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10 Things that Must Consider by Cinematographer

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Cinematographer

DSLR cameras are used to shoot more and more movies. Therefore, we have decided to share your tips to help you use high-quality materials with these cameras. Talk to Regal organized an opportunity for the best film artists and recorded what is important to film a movie. They mentioned some important things for every young filmmaker.

Bitrate and Compression:

Compression reduces the amount of data produced by a digital SLR. During video recording, all DSLR cameras use some compression methods. If you are used to taking JPEG photos, you are used to making a compressed image. RAW can also be produced with compression, but this format is generally considered uncompressed. This happens because it is common to believe that compression is a process that some of the data begins to compress a file. So we get a picture in pixels that can't be in the best format because of missing data.

The most popular formats for DSLR are h.264 and MJPEG. Both forms are compressed with loss, but h.264 is better.

Bitrate is the amount of data used to store a second of content. Of course, a higher bit rate is better because it compresses files with less loss.

Lenses and Aspect Ratio:

The screen proportions have become a much less important problem for filmmakers. Previously, the standard 4: 3 ratio (1.33: 1) was not attractive on standard TV screens, as this content was intended for TV shows and people saw widescreen formats in cinemas.

HDTV is currently standard widescreen, with a ratio of 16: 9 (1,78: 1), which is very close to the traditional 1.85 formats. 1. Another ratio, 2.35: 1, is often used in large budget films.

2.35: 1 film is usually shot with an anamorphic lens. Such lenses are not spherical as you can see in the picture below. They allow you to stretch the image on a vertical or horizontal axis. These lenses are large screens during shooting, and the image is enlarged to appear on full screens.

Focal Length:

The focal length is the distance at which the collimated beams fall to the point. In other words, the focus is responsible for the expansion of the image. A large value of this distance, for example, 100 mm, magnifies the objects and small value, for example, 35 mm, reduces the same objects. The focal point is also responsible for the viewpoint. Excellent value for money gives a closer view and a little bigger.

Bokeh:

Bokeh is the blurred effect of parts of the image. In the process of creating a movie, bokeh not only makes the image more appealing but also draws the viewer to the desired objects.

Field Depth:

In front, the center and number of objects in the background correspond to the depth of the field. Different depth of field means that only one shot will be targeted. Great depth of field - all shots are concentrated at the same time. The focal length and aperture size determine this value. DSLR cameras have become very popular due to their ability to provide low-depth images.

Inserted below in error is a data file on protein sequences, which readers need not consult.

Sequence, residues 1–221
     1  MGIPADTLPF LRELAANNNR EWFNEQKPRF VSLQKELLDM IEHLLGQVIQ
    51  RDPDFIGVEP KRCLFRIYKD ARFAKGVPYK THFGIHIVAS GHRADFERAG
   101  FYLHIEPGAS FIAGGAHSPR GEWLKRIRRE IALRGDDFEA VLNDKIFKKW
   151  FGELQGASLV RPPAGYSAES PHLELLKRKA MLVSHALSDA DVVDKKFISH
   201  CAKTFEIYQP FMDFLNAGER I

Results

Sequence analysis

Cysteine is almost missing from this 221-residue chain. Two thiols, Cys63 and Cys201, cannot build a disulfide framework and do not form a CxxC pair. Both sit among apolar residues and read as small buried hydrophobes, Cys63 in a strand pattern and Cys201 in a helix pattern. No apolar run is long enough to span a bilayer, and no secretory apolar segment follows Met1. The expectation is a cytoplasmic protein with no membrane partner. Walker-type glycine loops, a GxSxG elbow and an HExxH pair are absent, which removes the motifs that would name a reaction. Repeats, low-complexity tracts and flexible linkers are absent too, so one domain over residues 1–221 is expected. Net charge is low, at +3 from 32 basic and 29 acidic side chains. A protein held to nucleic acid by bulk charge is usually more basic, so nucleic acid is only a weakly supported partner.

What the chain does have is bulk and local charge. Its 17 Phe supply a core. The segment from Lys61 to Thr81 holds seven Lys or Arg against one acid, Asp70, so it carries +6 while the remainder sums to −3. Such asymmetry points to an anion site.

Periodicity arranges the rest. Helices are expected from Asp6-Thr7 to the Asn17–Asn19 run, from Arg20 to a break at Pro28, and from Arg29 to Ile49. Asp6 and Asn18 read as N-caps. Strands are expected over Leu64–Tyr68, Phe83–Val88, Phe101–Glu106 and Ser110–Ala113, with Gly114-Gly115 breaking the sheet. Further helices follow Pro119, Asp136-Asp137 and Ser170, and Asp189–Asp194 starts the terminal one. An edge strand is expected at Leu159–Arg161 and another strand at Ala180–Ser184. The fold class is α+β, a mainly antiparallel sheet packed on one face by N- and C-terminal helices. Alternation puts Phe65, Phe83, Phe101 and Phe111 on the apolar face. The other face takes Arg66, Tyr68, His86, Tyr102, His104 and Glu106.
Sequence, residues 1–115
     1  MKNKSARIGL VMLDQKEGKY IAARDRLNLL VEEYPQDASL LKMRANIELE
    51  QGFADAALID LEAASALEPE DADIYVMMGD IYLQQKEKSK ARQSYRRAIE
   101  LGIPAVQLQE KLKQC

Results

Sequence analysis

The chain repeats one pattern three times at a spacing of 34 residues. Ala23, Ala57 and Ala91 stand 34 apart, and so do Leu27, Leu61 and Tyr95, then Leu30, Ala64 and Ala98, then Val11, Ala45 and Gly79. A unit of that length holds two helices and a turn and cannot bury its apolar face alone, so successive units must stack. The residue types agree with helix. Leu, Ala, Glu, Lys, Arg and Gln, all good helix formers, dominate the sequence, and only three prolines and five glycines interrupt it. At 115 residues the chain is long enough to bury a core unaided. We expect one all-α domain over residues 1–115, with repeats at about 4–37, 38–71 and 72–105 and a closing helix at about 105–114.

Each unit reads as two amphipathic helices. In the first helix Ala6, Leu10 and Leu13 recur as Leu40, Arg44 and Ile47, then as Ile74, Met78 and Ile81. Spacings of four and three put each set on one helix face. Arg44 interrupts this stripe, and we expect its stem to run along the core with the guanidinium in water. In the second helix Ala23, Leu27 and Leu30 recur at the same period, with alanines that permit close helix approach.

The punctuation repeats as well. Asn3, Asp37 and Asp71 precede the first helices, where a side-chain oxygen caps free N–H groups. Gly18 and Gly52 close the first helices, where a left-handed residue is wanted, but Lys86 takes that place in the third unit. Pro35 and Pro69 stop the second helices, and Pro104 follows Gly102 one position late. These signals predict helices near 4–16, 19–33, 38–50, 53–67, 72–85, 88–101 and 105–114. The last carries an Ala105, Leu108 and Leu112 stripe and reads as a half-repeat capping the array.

Exposure:

Exposure is responsible for the time the light hits the sensor. For SLR cameras, this value corresponds to the opening time of the mechanical shutter. But DSLR cameras automatically adjust the shutter speed.

A slower shutter speed produces a softer and lighter image, while a higher shutter speed results in a darker image. The film is usually shot with the shutter open 50% of the time (180 degrees). The best settings for recording with a DSLR camera are 24 frames per second. Second, the shutter is 180 degrees, and the shutter speed is 1/48.

Try selecting a shutter speed between 1/50 and 1/60. But remember that there is no strict and fast shutter speed. Select the value even after the situation.

Frequency of Frame:

In front, the center and number of objects in the background correspond to the depth of the field. Different depth of field means that only one shot will be targeted. Great depth of field - all shots are concentrated at the same time. The focal length and aperture size determine this value. DSLR cameras have become very popular due to their ability to provide low-depth images.

ISO and Noise:

In a cinema, this value refers to the measurement of noise in the image. ISO stands for light sensitivity. The higher the value, the higher the sensitivity.

The relationship between sensitivity and noise is linear. The higher the sensitivity - the brighter the image, the more noise. The DSLR camera handles high sensitivity noise.

Aperture & Exposure:

Exposure is the cause of the amount of light falling into the digital SLR sensor. During recording, the DSLR camera uses a mechanical shutter to adjust the exposure and activate it at the right time. However, an SLR camera can reach the limit of 24 frames per second. Second as fast as a picture? No, because in digital mode, DSLRs use an electronic shutter. The sensor is on and off to adjust the exposure instead of counting on a mechanical shutter.

Aperture is responsible for the camera's ability to record light and the angle at which the light falls on the sensor. A narrow aperture provides a high-depth image while a wide pixel reduces the depth of field.

Interlaced:

Interlaced scanning was developed for older CRTs in the 1930s. Previously, video bidding was more limited, and engineers found a way to split the image into two images and show it to others. Fields. Progressive scanning captures and displays images in the image to improve image quality.

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